5. Shwetha Mabel wrote: I beg to differ with you Pradeep. I am definitely ashamed to be an Indian when it comes to women's place in our society. As an Indian who has lived abroad, I can say for sure that I feel much safer and more secure in the US than on the streets of Hyd. I do not walk on the road where my parents live. I'm always in a car or in an auto. Eve-teasers abound. Even jeans are a sign of 'loose' morals. I got hit by guys in bikes many times while walking on the road as a student. auto drivers make stupid comments. Buses are a haven for the perverts. I was terrified after my first bus ride. I used to take a 'ladies' bus to college. As a child, I lived in an area where a boys college was situated. No woman from our neighbourhood would venture out on the street during the closing hours of the college. We managed our schedule to suit the college s working hours ! I felt like I was in heaven when I came to Bangalore to study for 2 yrs. it is relatively a much better place for women. Yes, Hyd has changed a lot and is trying to become more Cosmo and metro and whatever....but the old parts of the city are still not kind to women. Many of my college friends were married off against their will and never studied beyond graduation. My best friend did her masters in math and had to limit herself to teaching in a girls college because her parents said she cannot work in a place where there are men. I live in a so-called good area of the city but in the appartment above mine, there is a Marwadi family that confines the women of their household to a tiny room when they are having their period. What kind of society does this?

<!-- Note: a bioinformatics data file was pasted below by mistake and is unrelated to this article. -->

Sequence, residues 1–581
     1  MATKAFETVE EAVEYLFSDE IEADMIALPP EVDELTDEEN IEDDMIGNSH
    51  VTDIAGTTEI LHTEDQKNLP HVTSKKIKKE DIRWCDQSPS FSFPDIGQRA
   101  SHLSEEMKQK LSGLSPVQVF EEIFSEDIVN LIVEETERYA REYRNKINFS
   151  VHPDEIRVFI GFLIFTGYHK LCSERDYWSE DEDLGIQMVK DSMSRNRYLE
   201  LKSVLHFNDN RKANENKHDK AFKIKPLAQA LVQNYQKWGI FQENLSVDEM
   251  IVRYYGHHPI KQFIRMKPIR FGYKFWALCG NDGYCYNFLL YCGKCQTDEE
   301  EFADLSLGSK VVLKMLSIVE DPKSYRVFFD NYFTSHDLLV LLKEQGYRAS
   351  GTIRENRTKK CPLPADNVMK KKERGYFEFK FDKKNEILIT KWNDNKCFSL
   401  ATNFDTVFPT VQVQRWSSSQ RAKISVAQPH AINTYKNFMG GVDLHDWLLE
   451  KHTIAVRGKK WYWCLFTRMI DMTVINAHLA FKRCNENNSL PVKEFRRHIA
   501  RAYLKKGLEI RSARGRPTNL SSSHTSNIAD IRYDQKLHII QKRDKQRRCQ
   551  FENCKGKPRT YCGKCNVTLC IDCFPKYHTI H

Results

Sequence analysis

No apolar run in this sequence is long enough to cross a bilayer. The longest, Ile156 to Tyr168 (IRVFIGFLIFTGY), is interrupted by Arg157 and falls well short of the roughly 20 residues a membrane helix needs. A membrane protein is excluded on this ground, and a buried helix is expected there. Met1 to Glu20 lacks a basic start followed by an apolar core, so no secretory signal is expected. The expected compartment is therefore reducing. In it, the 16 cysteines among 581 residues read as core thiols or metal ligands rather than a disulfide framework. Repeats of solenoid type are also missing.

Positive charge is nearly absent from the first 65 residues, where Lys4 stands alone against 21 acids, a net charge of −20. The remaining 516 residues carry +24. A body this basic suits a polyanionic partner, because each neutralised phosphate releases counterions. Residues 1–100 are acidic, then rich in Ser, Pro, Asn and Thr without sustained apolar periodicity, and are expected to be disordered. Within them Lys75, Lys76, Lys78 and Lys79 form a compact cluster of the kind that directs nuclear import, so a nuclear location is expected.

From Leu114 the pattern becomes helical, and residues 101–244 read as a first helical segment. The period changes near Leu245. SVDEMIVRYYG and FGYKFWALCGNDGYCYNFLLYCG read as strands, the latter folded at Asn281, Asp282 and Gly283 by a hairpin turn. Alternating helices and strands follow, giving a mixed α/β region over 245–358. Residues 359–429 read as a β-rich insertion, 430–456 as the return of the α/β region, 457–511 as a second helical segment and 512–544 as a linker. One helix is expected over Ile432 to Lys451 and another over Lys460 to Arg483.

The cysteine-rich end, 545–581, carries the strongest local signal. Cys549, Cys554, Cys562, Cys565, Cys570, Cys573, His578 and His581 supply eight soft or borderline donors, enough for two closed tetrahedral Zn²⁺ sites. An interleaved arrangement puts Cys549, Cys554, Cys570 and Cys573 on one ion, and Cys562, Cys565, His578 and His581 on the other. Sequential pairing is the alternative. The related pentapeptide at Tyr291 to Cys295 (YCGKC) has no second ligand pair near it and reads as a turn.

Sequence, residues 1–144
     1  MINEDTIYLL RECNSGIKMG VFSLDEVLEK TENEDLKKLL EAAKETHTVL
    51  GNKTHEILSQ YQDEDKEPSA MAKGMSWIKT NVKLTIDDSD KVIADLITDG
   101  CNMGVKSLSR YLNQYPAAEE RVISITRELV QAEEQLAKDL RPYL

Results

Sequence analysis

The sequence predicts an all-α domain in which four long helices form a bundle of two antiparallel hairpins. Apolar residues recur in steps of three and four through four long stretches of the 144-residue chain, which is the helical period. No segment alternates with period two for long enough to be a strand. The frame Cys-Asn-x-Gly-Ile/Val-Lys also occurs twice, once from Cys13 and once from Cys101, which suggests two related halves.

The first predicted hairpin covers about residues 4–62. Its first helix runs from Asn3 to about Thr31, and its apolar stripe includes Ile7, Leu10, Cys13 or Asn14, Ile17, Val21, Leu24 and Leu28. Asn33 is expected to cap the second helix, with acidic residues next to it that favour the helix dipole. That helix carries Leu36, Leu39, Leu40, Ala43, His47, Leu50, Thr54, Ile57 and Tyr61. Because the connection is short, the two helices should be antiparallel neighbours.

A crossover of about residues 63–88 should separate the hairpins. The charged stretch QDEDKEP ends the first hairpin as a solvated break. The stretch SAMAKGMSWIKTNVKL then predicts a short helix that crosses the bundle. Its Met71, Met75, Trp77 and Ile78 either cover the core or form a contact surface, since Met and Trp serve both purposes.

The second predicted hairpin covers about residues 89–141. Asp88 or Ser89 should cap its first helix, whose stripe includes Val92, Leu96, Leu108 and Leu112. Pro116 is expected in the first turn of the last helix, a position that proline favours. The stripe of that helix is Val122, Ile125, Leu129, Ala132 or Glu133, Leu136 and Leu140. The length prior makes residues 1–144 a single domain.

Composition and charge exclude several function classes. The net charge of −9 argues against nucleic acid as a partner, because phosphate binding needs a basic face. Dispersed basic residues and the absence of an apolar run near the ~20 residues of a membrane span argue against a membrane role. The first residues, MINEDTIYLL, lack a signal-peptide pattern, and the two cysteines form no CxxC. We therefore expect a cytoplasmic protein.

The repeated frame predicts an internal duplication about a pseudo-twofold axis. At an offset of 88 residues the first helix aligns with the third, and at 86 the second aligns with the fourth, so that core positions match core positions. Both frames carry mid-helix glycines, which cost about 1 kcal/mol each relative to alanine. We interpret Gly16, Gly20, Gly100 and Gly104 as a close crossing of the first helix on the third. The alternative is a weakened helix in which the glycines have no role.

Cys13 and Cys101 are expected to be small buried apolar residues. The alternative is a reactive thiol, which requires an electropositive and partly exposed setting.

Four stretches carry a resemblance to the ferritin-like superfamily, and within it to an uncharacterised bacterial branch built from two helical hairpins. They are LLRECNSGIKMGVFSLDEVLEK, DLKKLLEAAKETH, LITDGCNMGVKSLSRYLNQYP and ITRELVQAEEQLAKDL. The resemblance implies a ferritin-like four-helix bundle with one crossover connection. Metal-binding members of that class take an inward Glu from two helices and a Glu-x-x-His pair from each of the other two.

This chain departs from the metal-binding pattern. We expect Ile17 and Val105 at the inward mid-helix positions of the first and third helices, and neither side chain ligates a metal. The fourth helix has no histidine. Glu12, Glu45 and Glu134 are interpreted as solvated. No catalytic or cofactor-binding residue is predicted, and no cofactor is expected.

6. Anita Segar wrote: Thought-provoking, you have to admit though that the statistics reveal a rather serious and grim situation in India as it relates to crimes against women, that is more deeply rooted in tradition, culture, faith etc. Back to your post, I have seen some of these anti-east comments as well, I don't think they're as mean-minded as you may think, they are more a reaction to the horrific, brutal nature of the assault on a random defenseless girl in a country that is proudly rising and evolving on so many fronts. There's more sorrow and pain/grief than anything else. This incident has opened up a stinking can of worms and it could be that, in the wake of this tragedy, open declaration of belonging to India is somewhat of an embarrassment for some. Of course, distancing ourselves from this situation no matter how bad, is not the solution. Also, with the absence of familiarity between attacker and victim, it has somehow placed all women in a vulnerable position, very scary. That could well be us, our daughters, mothers, sisters in that situation. I do agree with you when you imply that folks out west shouldn't bash India per se because it's interesting how so-called "westernized" "educated" Indians continue to perpetuate the underlying themes of gender inequality in the way they prefer male offspring to female, speak down to and treat their women poorly and even abuse their wives, all the while judging "Indians in India". It's hypocritical at best. As for the rounding up of the attackers and promise for speedy justice, I think it's a great example of how public participation and political will can actually create efficiency in India.